CHICAGO (Reuters) – What are the odds that the U.S. stock market’s bull run will continue?
Despite last year’s record rise – the S&P 500 and Dow Jones industrial average both closed at all-time highs – it does not always follow that one good year will be succeeded by another. The stock market is often roiled by irrational fears, bubblicious greed and a constantly boiling pot of earnings reports.
Yet many pundits predict that corporate earnings and the global economy will continue to expand, so stocks may have another good year. Just don’t invest thinking you will see a repeat of the 26 percent return the S&P 500 Index posted last year.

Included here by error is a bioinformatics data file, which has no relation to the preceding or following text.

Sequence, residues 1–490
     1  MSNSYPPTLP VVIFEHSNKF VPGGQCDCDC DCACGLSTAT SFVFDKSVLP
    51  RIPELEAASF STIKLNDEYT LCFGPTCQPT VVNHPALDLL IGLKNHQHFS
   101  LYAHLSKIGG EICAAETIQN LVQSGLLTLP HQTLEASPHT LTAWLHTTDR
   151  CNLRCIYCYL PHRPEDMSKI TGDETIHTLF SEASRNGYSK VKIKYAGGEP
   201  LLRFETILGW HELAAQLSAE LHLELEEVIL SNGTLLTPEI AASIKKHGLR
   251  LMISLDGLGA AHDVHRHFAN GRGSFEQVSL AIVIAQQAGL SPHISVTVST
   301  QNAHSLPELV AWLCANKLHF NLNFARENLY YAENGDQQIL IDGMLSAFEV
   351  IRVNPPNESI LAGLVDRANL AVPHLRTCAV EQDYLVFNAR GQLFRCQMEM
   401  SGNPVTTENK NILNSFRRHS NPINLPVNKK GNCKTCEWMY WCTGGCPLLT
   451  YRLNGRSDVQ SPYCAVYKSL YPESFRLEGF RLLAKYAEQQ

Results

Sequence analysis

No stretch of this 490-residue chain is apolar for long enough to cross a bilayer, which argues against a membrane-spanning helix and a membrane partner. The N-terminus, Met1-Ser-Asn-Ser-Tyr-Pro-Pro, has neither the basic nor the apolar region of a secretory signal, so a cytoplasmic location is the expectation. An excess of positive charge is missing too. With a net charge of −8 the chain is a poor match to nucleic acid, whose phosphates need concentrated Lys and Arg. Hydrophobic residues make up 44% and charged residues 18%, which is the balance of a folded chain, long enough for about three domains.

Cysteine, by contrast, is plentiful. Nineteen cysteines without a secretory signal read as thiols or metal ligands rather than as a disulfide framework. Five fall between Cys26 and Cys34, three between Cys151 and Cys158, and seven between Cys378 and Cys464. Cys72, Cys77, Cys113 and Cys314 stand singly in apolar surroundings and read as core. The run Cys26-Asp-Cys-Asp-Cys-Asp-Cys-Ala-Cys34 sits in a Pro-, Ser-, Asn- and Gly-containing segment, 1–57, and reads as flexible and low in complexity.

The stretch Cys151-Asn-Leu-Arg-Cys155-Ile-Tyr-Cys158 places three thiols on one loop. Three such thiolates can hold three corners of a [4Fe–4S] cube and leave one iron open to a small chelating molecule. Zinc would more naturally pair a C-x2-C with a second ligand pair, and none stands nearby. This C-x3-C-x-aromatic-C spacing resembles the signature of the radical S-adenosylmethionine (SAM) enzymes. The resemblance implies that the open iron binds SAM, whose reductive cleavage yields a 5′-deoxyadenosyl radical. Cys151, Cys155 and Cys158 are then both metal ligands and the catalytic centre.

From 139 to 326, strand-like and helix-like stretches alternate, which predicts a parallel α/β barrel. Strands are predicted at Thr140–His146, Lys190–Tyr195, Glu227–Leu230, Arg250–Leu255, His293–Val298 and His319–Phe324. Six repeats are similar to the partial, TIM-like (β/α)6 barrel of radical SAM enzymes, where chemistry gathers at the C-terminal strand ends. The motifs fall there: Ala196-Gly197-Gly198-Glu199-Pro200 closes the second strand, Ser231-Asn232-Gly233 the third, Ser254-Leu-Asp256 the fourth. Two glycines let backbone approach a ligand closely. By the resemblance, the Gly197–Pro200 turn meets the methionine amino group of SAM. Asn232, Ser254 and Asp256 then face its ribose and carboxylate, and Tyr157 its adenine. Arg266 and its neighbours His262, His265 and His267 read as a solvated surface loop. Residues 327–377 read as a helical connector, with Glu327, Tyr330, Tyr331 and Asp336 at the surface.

A little historical perspective on 2013 may be in order. The most comparable year was 2003, when the S&P Index returned 26 percent. Going back further, you would have to revisit the nifty ’90s to see better returns: big stocks were up nearly 27 percent in 1998; 31 percent in 1997 and 34 percent in 1995.
What did those years have in common? Relatively low inflation and consistent economic and employment growth. If you see these trends continuing in 2014, odds are your portfolio will benefit.